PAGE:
L.V: Tell me a little about your work.
A.P: I am a hard edge, linear abstract painter. My work deals with ideological and pragmatic systems that define form in a broad sense. For example, the canvas as an emblem of the promise of Modernism as progressive narrative, or the capability of symbolic systems to generate emotional content. I am interested in how rules can create and foster systems of meaning- not just to impose criteria for success but to establish a well defined but permissive frame to explore nuanced states of cognition.
L.V: What’s the medium? Acrylic on Canvas? It’s odd, because some of them look like prints –– have such strict, scientific precision. A kind of rigid exactitude we might equate with analytics / tech-driven creation. What’s that all about?
A.P.: This work is Flashe Vinyl Acrylic paint on Canvas, basically hyper-matte liquid plastic, which is why they do feel like prints, since there is a uniform surface. The aesthetic decision making ties into the conceptual content of exploring rule systems as a condition for meaning. I like to begin with a clear foundation in my visual language so it is clear when the rules are being adhered to and when they are being bent or broken. Regarding tech- I have spent decades looking into screens, there is an almost instinctual comfort with straight lines and stacked panel space that finds its way into these works. A clear organization of the knowledge at hand.
L.V.: At the same time, there is an almost quasi fibre-arts sensitivity to this work. At times pulled taut, like in Grid Failure and Active Listening, at other times frayed; the heaviness of the acrylic in Solar Catastrophe / Mother Night / Organized Sports feels unshorn, looser, more relaxed. As though this precision is coming undone? Or at least being contended with.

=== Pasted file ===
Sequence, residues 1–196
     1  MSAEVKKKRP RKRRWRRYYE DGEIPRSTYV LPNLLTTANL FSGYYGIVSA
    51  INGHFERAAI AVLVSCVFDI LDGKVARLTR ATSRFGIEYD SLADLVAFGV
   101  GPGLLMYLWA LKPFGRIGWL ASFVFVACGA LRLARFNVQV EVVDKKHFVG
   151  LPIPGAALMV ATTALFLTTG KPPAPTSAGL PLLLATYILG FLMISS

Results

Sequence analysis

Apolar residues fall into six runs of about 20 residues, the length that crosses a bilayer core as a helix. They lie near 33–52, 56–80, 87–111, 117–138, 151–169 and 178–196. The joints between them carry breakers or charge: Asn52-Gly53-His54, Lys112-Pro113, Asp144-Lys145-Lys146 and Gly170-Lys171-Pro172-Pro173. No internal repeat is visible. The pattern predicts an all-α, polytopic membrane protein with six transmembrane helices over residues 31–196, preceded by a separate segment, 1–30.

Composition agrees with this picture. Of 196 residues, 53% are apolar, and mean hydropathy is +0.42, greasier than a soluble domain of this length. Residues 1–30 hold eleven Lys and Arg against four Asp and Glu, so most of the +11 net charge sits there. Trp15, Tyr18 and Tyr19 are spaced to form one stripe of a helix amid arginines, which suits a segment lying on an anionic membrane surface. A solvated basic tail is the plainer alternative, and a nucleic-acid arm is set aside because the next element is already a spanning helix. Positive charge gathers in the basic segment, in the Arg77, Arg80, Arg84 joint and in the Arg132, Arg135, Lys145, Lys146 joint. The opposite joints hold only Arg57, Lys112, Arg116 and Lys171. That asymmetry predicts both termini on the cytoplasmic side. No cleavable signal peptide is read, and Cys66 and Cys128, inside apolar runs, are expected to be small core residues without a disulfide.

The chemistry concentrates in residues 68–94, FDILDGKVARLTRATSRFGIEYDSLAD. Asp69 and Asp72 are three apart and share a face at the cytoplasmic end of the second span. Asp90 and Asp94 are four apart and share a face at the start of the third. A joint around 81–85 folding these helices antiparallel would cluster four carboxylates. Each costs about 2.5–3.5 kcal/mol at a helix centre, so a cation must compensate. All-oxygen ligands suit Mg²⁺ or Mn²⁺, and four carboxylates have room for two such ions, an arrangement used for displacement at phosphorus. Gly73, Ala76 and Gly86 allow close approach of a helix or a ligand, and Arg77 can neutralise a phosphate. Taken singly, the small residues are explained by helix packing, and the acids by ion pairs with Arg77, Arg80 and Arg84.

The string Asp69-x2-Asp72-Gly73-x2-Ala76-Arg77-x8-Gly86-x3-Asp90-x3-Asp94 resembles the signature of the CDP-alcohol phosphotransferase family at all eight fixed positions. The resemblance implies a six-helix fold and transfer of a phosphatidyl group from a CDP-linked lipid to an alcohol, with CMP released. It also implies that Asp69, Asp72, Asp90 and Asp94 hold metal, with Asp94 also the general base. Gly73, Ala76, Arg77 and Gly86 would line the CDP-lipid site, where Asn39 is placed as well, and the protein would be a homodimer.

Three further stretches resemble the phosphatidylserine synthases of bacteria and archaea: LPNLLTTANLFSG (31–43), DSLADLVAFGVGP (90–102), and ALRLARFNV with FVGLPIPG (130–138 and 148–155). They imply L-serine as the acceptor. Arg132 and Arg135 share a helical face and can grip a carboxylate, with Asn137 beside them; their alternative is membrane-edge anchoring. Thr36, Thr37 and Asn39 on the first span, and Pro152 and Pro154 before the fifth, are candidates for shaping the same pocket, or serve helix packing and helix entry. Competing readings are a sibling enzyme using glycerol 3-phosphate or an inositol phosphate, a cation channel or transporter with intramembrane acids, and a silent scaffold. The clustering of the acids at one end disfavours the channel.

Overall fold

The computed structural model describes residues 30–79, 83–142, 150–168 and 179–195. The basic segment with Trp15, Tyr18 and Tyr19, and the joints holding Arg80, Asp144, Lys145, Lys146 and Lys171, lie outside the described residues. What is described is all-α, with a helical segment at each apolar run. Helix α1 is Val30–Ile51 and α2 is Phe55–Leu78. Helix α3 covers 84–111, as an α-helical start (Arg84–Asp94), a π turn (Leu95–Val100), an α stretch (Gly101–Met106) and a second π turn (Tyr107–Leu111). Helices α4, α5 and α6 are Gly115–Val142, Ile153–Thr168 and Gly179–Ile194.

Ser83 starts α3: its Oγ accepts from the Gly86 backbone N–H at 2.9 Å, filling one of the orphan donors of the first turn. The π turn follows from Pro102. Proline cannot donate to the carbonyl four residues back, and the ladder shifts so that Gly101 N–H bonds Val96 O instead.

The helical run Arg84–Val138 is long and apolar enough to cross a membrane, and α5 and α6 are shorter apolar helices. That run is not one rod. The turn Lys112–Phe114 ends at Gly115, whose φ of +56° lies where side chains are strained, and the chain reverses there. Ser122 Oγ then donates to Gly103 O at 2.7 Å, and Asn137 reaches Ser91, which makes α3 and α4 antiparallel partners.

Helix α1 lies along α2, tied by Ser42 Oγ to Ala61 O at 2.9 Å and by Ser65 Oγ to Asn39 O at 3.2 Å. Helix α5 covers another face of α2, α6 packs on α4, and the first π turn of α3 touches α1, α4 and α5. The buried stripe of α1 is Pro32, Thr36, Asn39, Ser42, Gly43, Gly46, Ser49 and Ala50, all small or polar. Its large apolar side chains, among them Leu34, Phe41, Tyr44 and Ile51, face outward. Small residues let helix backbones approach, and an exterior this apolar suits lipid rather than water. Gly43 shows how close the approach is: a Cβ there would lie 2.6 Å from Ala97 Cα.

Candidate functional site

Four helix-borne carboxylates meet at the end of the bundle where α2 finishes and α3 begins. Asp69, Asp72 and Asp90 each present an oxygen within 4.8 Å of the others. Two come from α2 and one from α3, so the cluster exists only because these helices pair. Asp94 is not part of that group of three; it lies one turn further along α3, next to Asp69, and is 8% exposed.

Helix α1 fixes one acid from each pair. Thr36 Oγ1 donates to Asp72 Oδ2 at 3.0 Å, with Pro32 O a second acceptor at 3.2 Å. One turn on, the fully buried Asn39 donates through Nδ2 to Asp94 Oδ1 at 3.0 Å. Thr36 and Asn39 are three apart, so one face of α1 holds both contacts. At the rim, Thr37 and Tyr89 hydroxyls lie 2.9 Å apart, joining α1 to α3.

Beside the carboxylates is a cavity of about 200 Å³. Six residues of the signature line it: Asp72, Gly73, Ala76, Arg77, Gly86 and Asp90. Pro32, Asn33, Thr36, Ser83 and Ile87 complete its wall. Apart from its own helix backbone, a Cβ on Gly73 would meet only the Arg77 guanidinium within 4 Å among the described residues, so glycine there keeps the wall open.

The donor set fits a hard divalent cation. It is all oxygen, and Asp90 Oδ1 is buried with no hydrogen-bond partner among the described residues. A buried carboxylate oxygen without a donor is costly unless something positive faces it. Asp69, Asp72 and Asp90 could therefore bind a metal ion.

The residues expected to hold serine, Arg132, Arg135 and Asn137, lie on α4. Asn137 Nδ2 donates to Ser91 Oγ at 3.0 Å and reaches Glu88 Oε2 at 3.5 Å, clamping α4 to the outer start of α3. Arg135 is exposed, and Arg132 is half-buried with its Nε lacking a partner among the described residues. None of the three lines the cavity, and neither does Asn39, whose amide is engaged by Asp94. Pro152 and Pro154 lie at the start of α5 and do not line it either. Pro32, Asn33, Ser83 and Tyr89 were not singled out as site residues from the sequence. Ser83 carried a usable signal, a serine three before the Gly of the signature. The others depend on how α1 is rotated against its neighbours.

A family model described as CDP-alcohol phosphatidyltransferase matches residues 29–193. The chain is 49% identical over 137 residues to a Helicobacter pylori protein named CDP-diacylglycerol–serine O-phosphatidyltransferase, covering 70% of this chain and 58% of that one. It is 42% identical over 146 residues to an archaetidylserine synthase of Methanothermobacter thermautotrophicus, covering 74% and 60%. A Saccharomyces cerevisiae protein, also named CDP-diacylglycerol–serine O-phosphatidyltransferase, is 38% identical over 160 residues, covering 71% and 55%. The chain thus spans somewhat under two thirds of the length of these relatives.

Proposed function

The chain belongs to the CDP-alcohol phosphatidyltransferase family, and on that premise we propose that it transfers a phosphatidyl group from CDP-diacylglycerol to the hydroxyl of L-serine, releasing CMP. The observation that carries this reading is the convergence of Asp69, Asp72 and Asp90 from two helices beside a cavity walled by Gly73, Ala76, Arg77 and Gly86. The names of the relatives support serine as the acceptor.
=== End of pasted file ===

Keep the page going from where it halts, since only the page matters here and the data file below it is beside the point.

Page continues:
A.P: The moments of looseness began as a way to contend with texture in what is otherwise a very regular surface. Paint has specific capacities, such as textural build up, which I feel needs to be addressed. I am seeking a dynamic equilibrium between the micro control of hard edges and the expressive potential of quickly and imprecisely applied paint- I am investigating the effects produced when different registers of paint application intersect and diverge.
L.V.: Active Listening feels slightly different from the others. So perfectly harmonized between mechanical precision and something gentler, of a more nature driven pattern. I’m thinking of a macro photograph of fur. But then I'm thinking of cilia. Of sound waves. Of the word: Sinuous. Which means, of course, both wavy, but also intricate and complex. Which feels apt.
A.P: Active Listening is a more recent painting that directly deals with how control can yield unexpected results, or more broadly, anxiety about the demand for order (in society, self discipline, governmental control.) In this painting, restricting the means to the bare minimum (black and white, one denomination of line, one vertical gesture) allowed the 'human' to emerge. Since each line placed was a reaction to the previous, this work is a record of a negotiation with imposed order structures and their inevitable break down.
L.V: What am I missing? What would you like to share?
A.P: All of this work has been completed in the last 2 months- my first semester at Yale. I am happy to share this with SKOO as it represents an unfiltered look at the beginning of what will hopefully turn into a fully realized thesis, the seeds of which are planted and are growing with the help of brilliant faculty and generous colleagues.
L.V: Tell me about the first time you learned to ride a bicycle?
A.P: I can't remember learning to ride a bike but I do remember the feeling of setting up a ramp in the street and pedalling straight at it for the first time. There was fear and apprehension but it was one of those moments where you lose your internal narrative to the purely visceral, a leap of faith. Hitting that ramp, small as it was, launched me just a few feet off the ground but it felt like being frozen in the air, weightless. I try to keep in mind that without taking those kinds of risks in life you miss out on so much beauty.